Twin Peaks joins the latest episode of the UMS-curated Red Bull Sound Select Series this Thursday, May 14, at the Hi-Dive.

It’s inspiring, all the bands buzzing around now that are making rock fun again. Bands like Japandroids, No Age, Fucked Up, Thee Oh Sees – all are about having a blast playing with a sound they love, and that lays the audience flat, under a rockpile of noise. Add Twin Peaks to that list. This four piece veteran band of the Chicago DIY scene is making waves with a live show that’s approaching legend. Their showing at this year’s SXSW in Austin has definitely turned heads, for the better, and probably for a long time.

Maybe it comes from overwhelming familiarity, or the actualization of late night sleepover conversation describing their rock & roll dreams – most of Twin Peaks’ members have known each other since grade school. Frontman Cadien Lake James, bassist Jack Dolan, guitarist Clay Frankel and drummer Connor Brodner have been part of the Chicago scene since high school, in one form or another. James cut his rock biz teeth in Teenage Dream, playing shows in front of single-digit audiences. Whatever the reason, this band has hit on a combination of sound and energy that leaves crowds sweating, frenzied, ecstatic.

Sometimes channeling a misty melodic memory of Oasis with a strong shot of New York Dolls, but more often resembling the Big Star that Paul Westerberg‘s Replacements dreamed of being (give a listen to “Ordinary People,” below, to see for yourself), Twin Peaks builds a sonic wall of reverb-drenched chords, interlaced with perfect Pixies noodling and solid drums. On top of that – in most tunes – James layers a full, round baritone that approaches Jim Morrison’s, with a vocal swagger that likely makes Mick Jagger nostalgic.

“Ordinary People” – from Wild Onion (2014)

Even on record, their sound and energy is contagious. It’s almost creepy how quickly some of the tunes on “Wild Onion,” the band’s latest release, become comfortable beneath skin & muscle, and comfortably wrap themselves around your bones. The wilding freedom of “I Found A New Way,” the complex psychedelia of “Strawberry Smoothy” and “Strange World,” the ’70s theme music of “Telephone” and the Cheap Trick of “Flavor” – this record shows many levels of pop sensibility and creation that belies even the combined ages of all four band members. Wild Onion doesn’t sound like a sophomore piece – it’s closer to a picture of a band who have reached their stride. And that’s why the buzz they’re enjoying about now – having outshone most of SXSW alongside other newly big acts like Courtney Barnett.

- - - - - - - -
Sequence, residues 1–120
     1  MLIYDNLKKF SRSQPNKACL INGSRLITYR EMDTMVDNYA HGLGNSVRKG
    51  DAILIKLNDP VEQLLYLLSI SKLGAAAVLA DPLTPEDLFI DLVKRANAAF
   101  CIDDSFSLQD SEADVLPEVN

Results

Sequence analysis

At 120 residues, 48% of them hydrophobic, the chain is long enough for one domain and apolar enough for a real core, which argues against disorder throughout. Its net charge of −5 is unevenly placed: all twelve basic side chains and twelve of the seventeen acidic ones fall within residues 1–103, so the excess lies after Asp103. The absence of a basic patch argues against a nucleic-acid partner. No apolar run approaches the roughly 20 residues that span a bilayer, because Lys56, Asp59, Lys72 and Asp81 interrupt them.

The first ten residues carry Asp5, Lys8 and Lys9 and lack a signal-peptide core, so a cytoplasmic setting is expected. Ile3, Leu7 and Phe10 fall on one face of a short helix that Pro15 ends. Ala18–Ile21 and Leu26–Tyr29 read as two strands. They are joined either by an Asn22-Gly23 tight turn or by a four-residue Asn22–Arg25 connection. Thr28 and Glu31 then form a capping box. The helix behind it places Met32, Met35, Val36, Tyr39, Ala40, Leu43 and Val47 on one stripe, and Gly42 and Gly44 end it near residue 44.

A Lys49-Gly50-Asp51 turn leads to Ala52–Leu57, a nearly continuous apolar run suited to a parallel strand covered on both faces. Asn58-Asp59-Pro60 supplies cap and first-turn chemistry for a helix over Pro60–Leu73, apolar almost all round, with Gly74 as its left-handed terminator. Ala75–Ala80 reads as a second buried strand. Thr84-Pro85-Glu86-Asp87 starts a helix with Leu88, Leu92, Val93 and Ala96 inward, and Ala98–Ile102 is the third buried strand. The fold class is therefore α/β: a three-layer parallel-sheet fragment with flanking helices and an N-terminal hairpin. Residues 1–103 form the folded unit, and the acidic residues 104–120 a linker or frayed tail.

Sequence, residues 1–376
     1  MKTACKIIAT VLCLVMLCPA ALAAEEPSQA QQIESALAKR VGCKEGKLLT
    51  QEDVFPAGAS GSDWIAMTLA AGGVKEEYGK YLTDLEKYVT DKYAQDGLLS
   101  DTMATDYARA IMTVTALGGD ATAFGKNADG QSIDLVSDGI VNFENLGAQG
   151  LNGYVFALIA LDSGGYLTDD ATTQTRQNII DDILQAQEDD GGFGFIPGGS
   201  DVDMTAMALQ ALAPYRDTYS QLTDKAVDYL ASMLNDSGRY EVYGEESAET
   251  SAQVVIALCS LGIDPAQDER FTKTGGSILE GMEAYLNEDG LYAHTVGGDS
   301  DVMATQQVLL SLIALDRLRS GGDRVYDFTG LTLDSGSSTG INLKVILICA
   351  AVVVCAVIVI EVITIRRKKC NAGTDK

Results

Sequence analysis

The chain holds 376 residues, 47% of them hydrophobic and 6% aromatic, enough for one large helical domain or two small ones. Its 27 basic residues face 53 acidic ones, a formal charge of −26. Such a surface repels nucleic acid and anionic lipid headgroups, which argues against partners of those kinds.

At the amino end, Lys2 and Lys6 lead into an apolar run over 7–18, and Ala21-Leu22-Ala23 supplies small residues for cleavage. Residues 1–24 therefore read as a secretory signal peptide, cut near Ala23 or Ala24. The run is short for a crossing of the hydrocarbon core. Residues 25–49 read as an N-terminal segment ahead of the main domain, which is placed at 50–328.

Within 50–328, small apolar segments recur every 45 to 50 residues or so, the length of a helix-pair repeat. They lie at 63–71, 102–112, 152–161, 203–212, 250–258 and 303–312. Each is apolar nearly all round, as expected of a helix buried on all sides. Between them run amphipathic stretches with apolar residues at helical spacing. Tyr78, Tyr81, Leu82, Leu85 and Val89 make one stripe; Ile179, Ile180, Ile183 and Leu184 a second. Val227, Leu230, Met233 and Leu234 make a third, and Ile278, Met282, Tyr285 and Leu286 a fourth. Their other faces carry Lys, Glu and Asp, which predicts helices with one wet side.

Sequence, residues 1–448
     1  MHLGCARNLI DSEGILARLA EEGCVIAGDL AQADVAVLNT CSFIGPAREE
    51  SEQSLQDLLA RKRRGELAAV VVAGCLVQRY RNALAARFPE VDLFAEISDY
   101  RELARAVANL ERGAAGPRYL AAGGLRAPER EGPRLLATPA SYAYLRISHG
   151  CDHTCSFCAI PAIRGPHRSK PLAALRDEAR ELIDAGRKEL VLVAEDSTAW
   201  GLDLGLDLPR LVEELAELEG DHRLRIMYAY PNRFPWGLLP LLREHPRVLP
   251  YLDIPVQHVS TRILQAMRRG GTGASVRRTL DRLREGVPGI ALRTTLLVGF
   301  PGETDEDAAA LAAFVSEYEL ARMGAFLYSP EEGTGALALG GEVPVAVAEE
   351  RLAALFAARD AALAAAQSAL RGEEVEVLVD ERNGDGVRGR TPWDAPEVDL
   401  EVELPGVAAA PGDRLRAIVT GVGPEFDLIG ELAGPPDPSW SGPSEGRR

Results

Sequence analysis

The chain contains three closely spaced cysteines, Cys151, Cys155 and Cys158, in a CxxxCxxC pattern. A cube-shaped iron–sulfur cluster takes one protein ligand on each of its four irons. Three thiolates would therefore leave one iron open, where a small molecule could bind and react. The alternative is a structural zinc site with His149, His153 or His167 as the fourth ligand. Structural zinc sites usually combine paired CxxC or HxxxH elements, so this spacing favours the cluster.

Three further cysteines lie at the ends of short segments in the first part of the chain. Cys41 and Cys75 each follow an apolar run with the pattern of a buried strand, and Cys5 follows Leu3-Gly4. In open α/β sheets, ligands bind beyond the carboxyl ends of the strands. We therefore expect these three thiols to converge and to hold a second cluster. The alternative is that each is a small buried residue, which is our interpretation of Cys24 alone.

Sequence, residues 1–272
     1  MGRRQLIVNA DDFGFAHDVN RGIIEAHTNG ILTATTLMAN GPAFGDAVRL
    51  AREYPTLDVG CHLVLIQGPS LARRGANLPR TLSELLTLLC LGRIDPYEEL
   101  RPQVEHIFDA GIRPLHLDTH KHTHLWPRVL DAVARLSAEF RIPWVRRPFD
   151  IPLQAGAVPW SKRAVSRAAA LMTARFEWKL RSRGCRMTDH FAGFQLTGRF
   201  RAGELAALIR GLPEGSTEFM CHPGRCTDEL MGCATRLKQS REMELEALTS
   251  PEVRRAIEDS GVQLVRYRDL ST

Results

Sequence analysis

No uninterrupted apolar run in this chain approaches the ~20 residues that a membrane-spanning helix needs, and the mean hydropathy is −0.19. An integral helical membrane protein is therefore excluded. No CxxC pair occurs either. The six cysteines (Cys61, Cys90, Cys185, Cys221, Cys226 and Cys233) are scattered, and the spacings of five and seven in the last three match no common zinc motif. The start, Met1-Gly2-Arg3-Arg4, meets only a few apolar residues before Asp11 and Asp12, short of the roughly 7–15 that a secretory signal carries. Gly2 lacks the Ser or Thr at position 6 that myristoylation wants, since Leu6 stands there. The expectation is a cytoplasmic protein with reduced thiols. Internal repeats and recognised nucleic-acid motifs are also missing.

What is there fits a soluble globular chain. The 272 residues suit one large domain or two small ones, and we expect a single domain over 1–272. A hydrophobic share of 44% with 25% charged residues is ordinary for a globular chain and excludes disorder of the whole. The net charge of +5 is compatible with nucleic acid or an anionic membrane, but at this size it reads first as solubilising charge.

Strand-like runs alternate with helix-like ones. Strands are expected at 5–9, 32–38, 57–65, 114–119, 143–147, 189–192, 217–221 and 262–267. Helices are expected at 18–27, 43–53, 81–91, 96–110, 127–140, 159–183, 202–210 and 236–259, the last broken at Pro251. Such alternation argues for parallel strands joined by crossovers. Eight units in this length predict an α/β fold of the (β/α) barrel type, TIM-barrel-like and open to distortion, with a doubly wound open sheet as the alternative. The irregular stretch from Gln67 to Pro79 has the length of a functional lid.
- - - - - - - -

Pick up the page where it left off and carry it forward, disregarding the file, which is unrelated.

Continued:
Denver is lucky to be welcoming Twin Peaks to the Hi-Dive this coming Thursday, one of three bands playing in the latest episode of the UMS-curated Red Bull Sound Select series. In this small venue, this band promises to blow more than doors down – they’ll likely blow your mind as well. Don’t miss this 18+ show – $3 entry if you RSVP – $15 if you don’t. And if you make it in the door – which seems a little unlikely at this point, considering the band’s popularity right now.

Take a look/listen to their video for “Making Breakfast,” below, and see if that doesn’t make you hungry for this brand of garage rock. See you there, Denver.